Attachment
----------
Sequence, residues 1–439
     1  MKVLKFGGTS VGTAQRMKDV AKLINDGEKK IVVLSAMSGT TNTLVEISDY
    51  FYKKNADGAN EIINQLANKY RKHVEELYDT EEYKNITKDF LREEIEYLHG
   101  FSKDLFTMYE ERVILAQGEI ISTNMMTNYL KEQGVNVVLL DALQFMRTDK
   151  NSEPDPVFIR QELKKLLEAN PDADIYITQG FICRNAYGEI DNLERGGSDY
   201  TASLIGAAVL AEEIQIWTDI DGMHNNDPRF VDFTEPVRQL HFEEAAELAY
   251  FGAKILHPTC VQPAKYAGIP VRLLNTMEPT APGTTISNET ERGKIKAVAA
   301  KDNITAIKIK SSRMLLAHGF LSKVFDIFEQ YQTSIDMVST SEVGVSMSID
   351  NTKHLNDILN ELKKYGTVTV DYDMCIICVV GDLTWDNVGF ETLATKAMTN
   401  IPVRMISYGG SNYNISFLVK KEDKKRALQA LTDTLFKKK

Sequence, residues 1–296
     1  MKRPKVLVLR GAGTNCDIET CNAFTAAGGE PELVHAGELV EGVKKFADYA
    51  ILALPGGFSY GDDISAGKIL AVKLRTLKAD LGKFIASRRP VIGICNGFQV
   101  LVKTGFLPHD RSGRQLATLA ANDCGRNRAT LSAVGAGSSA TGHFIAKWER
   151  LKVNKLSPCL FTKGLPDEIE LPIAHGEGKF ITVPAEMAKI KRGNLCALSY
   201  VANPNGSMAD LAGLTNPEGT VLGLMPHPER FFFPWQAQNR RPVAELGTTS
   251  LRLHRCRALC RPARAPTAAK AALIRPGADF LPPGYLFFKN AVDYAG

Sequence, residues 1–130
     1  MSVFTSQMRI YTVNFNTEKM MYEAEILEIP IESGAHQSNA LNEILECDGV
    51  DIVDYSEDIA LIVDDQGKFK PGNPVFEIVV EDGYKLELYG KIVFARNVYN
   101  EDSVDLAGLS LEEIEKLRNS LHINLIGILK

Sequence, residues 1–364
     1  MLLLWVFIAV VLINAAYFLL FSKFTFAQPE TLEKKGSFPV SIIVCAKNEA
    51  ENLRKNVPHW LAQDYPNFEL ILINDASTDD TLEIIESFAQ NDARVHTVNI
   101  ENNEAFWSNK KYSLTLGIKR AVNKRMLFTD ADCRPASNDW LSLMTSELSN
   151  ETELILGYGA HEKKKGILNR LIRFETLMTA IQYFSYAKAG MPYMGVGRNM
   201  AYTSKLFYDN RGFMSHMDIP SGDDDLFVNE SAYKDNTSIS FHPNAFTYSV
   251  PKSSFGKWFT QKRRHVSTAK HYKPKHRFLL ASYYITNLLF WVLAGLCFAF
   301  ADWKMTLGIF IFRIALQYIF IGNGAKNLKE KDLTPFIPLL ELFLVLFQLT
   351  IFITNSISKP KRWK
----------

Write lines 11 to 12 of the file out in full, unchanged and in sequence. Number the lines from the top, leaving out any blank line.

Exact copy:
Sequence, residues 1–296
     1  MKRPKVLVLR GAGTNCDIET CNAFTAAGGE PELVHAGELV EGVKKFADYA